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Scientists have put a high precision blood assay into a simple test strip

Researchers from the General Physics Institute of the Russian Academy of Sciences (GPI RAS) and MIPT have developed a new biosensor test system based on magnetic nanoparticles. It is designed to provide highly accurate measurements of the concentration of protein molecules (e.g. markers, which indicate the onset or development of a disease) in various samples, including opaque solutions or strongly coloured liquids.

Physicists develop a cooling system for the processors of the future
Researchers from MIPT have found a solution to the problem of overheating of active plasmonic components. These components will be essential for high-speed data transfer within the optoelectronic microprocessors of the future, which will be able to function tens of thousands of times faster than the microprocessors currently in use today. In the paper published in ACS Photonics the researchers have demonstrated how to efficiently cool optoelectronic chips using industry-standard heatsinks in spite of high heat generation in active plasmonic components.
Scientists have shown how to make a low-cost yet high precision glass nanoengraving
In a joint study, scientists from the MIPT (Moscow Institute of Physics and Technology), ICP (Institute of Chemical Physics) named after Semenov, MSU (Moscow State University) and IPCP (Institute of Problems of Chemical Physics) have developed a mechanism of laser deposition of patterns on glass with a resolution of 1000 times lower than the width of a human hair.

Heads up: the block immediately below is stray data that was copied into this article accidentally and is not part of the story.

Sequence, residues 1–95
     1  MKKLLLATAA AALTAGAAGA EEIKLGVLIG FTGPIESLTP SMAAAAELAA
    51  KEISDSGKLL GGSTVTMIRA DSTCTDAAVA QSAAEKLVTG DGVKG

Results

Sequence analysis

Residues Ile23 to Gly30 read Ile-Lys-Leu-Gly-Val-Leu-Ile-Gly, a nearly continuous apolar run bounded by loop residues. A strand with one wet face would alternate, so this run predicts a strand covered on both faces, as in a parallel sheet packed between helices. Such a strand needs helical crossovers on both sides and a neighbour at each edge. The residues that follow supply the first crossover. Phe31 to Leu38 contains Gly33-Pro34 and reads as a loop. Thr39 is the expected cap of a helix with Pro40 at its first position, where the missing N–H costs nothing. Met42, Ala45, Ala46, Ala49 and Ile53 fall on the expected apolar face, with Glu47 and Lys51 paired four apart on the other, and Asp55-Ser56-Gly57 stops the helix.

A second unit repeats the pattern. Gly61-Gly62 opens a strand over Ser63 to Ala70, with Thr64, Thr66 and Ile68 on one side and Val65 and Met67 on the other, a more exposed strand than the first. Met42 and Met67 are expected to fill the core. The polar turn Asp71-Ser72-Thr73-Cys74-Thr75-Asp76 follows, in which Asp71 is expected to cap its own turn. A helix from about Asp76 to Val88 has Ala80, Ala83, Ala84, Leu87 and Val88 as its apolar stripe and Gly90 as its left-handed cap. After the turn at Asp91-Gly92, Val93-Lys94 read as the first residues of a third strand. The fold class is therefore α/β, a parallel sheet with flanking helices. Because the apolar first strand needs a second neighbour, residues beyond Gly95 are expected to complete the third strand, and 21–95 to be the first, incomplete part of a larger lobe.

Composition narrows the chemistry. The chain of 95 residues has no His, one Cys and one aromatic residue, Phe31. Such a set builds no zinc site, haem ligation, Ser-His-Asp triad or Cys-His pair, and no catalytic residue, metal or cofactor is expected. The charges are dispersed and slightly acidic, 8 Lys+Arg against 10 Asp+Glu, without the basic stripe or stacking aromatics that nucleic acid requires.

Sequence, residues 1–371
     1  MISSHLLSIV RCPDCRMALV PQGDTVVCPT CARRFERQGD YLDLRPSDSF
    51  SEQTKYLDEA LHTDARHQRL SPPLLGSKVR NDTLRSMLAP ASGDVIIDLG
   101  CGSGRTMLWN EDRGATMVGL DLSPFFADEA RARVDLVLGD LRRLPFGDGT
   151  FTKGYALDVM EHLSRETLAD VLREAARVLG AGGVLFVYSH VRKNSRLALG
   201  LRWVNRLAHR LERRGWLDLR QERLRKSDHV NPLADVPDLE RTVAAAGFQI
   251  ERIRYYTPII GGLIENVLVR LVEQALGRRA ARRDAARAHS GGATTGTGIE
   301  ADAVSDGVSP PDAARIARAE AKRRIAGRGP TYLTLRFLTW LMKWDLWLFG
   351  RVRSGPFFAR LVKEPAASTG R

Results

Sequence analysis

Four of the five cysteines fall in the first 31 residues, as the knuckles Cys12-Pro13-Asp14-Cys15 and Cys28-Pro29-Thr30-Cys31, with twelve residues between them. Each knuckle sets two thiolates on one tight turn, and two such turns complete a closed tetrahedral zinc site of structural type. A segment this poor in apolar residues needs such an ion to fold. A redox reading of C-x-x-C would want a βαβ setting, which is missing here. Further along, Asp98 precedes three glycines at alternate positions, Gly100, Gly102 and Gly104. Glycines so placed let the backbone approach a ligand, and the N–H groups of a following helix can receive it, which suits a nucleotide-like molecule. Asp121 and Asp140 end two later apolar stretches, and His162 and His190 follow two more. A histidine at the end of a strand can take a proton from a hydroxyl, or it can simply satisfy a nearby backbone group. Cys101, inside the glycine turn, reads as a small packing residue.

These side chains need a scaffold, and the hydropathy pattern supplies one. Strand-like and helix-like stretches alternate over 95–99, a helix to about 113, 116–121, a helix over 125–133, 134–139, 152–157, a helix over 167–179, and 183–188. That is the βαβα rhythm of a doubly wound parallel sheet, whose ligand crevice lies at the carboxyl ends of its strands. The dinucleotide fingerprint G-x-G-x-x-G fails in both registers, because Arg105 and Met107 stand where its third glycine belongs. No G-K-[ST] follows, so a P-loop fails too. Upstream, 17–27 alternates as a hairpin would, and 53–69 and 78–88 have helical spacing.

Scientists propose an algorithm to study DNA faster and more accurately

A team of scientists from Germany, USA, and Russia, including Dr. Mark Borodovsky, a Chair of the Department of Bioinformatics at MIPT, have proposed an algorithm to automate the process of searching for genes, making it more efficient. The new development combines the advantages of the most advanced tools for working with genomic data. The new method will enable scientists to analyse DNA sequences faster and more accurately and identify the full set of genes in a genome.

Physicists come up with a way to make cleaner fuel cells

An international group of scientists from Russia, France, and Germany have developed ion-exchange synthetic membranes based on amphiphilic compounds that are able to convert the energy of chemical reactions into electrical current. The new development described in the journal Physical Chemistry, Chemical Physics could potentially be used in fuel cells, and in separation and purification processes. The study was conducted by MIPT’s Laboratory of Functional Organic and Hybrid Materials, which was opened in 2014.

Scientists have proposed a metasurface for the anomalous scattering of visible light